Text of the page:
Defense Secretary Lloyd J Austin III told reporters: “We were working with the Taliban on a very narrow set of issues. I would not make any leaps of logic to broader issues. It’s hard to predict where this will go in the future with respect to the Taliban.”

The chairman of the Joint Chiefs of Staff, General Mark A Milley also expressed his reservations. “This is a ruthless group. Whether or not they change remains to be seen. In war, you do what you must.”

Meanwhile, US officials believe fewer than 200 Americans remain in Afghanistan.

Many thousands of Afghans who assisted the US over the past two decades, however, still remain in the country.

Afghanistan can run out of food stocks by the end of this month, says official

06:08 , Maroosha Muzaffar

A senior UN official has warned food stocks in Afghanistan could run out “as soon as this month.”

Ramiz Alakbarov, deputy special representative and humanitarian coordinator in Afghanistan said while the UN was determined to deliver, “more funding is needed to reach millions who depend on aid to survive.”

He said: “It is extremely important that we prevent Afghanistan from descending into a further humanitarian catastrophe by taking the necessary steps to provide essential items which this country needs right now. And that is to support food, health and protection services, and non-food items, to those who are in extreme need.”

Mr Alakbarov pointed out that more than a third of Afghan citizens are not getting enough to eat and that more than half of those below five years of age are “suffering from extreme malnutrition.”

He warned that the country could run out of food stocks by the end of September and hence “for us to keep the current demand, we need at least $200 million only for the food sector, to be able to provide food to the most vulnerable.”

Taliban all set to name Afghanistan’s supreme authority

05:52 , Maroosha Muzaffar

The Taliban are all set to form an Islamic government in Afghanistan and are planning to name Sheikh Haibatullah Akhundzada – the group’s top religious leader – as the country’s new “supreme authority”.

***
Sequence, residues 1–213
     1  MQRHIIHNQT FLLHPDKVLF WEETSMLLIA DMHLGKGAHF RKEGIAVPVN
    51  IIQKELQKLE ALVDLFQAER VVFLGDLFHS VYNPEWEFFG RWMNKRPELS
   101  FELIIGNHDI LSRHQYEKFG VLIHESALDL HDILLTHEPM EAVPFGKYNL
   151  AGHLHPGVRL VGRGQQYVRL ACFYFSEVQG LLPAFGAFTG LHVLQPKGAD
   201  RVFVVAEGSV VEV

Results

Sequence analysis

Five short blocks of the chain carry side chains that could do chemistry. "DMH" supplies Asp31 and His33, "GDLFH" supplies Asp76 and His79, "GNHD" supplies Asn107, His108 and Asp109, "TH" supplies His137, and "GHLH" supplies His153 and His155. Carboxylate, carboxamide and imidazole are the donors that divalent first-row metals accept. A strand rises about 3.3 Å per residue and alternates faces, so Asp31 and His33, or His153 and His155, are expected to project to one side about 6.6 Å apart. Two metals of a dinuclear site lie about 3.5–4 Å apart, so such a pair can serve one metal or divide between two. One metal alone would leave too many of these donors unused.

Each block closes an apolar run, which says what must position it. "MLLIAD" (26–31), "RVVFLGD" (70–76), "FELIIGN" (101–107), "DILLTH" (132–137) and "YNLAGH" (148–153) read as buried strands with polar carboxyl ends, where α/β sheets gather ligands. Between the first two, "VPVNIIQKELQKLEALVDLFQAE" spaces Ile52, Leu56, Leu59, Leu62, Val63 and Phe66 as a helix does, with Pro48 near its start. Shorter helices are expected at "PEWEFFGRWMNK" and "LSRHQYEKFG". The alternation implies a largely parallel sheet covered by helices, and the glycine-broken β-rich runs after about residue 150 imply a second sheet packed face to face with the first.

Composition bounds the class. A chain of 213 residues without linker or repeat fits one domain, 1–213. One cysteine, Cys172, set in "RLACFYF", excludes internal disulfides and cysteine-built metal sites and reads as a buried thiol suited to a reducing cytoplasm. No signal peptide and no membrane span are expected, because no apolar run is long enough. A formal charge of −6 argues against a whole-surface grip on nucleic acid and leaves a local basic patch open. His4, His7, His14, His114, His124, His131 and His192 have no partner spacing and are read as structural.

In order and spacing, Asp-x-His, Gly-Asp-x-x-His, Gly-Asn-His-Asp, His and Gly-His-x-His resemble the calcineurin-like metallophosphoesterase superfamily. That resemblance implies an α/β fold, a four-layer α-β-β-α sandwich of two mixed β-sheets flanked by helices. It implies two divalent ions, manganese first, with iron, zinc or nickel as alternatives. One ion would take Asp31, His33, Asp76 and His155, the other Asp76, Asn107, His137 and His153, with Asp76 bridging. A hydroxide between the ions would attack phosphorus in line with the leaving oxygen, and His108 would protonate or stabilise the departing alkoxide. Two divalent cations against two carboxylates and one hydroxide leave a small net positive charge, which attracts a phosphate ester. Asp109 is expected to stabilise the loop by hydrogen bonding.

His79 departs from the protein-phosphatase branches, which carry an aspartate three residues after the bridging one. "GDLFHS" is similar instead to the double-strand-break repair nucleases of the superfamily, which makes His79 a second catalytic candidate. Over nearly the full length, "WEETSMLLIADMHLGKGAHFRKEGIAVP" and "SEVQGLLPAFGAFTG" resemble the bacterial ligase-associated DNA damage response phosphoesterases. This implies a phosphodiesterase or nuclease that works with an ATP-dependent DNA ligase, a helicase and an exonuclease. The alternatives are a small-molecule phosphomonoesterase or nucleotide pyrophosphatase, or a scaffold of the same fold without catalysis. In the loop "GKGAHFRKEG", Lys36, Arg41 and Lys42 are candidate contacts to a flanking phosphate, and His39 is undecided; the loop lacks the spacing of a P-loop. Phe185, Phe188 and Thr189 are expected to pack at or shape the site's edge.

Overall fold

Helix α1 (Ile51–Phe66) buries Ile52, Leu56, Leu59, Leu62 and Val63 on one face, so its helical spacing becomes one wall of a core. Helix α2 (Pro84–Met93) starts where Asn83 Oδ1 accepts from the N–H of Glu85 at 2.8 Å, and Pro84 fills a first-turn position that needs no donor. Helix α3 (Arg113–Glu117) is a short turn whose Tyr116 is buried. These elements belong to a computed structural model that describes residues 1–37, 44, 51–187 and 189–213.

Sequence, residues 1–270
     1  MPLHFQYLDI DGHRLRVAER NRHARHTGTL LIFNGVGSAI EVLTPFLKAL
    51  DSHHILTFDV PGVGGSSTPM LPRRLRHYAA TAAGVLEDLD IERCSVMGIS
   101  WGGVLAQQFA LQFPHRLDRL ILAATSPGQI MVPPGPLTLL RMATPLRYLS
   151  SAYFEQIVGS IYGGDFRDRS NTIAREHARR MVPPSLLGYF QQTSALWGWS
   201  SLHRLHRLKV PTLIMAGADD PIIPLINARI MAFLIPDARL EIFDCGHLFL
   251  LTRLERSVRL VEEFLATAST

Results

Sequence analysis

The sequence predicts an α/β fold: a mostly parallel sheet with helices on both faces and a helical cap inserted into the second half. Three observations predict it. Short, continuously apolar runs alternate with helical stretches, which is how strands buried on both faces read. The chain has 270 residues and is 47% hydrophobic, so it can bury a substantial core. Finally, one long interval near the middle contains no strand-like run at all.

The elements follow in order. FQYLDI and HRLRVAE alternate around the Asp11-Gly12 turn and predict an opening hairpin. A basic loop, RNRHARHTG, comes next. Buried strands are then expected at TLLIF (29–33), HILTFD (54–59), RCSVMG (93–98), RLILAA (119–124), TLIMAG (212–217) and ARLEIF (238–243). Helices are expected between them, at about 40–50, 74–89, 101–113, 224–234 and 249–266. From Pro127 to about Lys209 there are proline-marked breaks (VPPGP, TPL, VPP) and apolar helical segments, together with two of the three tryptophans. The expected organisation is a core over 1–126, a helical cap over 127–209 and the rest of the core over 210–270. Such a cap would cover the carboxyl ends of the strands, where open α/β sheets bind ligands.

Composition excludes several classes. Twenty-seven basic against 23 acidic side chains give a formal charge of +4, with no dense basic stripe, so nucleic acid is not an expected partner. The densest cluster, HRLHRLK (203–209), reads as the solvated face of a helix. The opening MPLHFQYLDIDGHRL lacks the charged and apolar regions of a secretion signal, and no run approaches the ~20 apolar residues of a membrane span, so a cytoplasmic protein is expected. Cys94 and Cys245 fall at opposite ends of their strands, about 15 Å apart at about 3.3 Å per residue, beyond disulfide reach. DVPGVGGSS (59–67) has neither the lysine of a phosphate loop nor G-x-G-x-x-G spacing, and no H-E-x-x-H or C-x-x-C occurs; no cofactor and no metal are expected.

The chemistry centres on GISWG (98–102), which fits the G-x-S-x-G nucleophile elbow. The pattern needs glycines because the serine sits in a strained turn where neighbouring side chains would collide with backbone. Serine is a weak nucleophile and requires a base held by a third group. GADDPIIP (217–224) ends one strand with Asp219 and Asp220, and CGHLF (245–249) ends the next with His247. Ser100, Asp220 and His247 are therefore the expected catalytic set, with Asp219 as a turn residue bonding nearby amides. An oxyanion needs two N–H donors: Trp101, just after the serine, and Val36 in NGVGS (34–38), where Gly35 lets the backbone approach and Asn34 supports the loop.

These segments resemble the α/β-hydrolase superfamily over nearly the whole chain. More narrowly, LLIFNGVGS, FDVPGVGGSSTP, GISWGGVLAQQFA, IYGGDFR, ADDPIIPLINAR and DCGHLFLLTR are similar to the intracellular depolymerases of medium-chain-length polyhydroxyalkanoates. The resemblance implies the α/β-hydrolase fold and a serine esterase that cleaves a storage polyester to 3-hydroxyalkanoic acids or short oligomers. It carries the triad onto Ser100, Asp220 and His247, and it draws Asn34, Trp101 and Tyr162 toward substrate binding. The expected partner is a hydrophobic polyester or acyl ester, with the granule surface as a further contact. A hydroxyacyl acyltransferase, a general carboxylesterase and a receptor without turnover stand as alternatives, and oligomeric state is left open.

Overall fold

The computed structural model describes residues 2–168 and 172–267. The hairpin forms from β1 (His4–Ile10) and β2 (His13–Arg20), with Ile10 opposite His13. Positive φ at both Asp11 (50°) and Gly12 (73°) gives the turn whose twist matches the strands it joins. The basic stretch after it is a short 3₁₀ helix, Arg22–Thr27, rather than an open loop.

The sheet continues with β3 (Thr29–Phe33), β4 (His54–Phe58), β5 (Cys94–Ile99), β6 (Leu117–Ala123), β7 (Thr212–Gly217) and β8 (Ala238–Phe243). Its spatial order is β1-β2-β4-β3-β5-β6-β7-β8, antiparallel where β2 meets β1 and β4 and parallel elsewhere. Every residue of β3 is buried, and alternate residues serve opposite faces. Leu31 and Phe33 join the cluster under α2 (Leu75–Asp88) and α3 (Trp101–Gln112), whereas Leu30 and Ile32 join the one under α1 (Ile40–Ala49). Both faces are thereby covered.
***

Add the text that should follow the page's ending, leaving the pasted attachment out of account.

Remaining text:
It, however, remains unclear exactly when the Taliban will make the announcement and whether it will include a more inclusive council, The New York Times reported.

Afghanistan’s new regime under the group is going to face huge challenges, including humanitarian and economic crises.

In fact, a senior UN official has said that Afghanistan might face food shortage by the end of this month.

A senior Taliban official said the announcement may come as soon as Thursday.

It was reported that Sheikh Haibatullah’s “supreme authority” will be a theocratic role similar to that of Iran’s supreme leader.

British foreign secretary to head to the region near Afghanistan for rescue talks

05:39 , Maroosha Muzaffar

British foreign secretary Dominic Raab is heading “to the region” around Afghanistan to talk about the rescue of those left behind in the country’s national capital Kabul.

The cabinet minister, however, did not reveal where exactly he was going for security reasons.

“We’re always very careful about signaling travel movements because of the security implications. But I can tell you I’m leaving after this committee to go to the region,” Mr Raab said.

Reports indicated he might be heading to Pakistan for the talks.

Defence secretary Ben Wallace had described the evacuation efforts as “Dunkirk by WhatsApp”, with officials scrambling to contact Afghans who worked with the British military.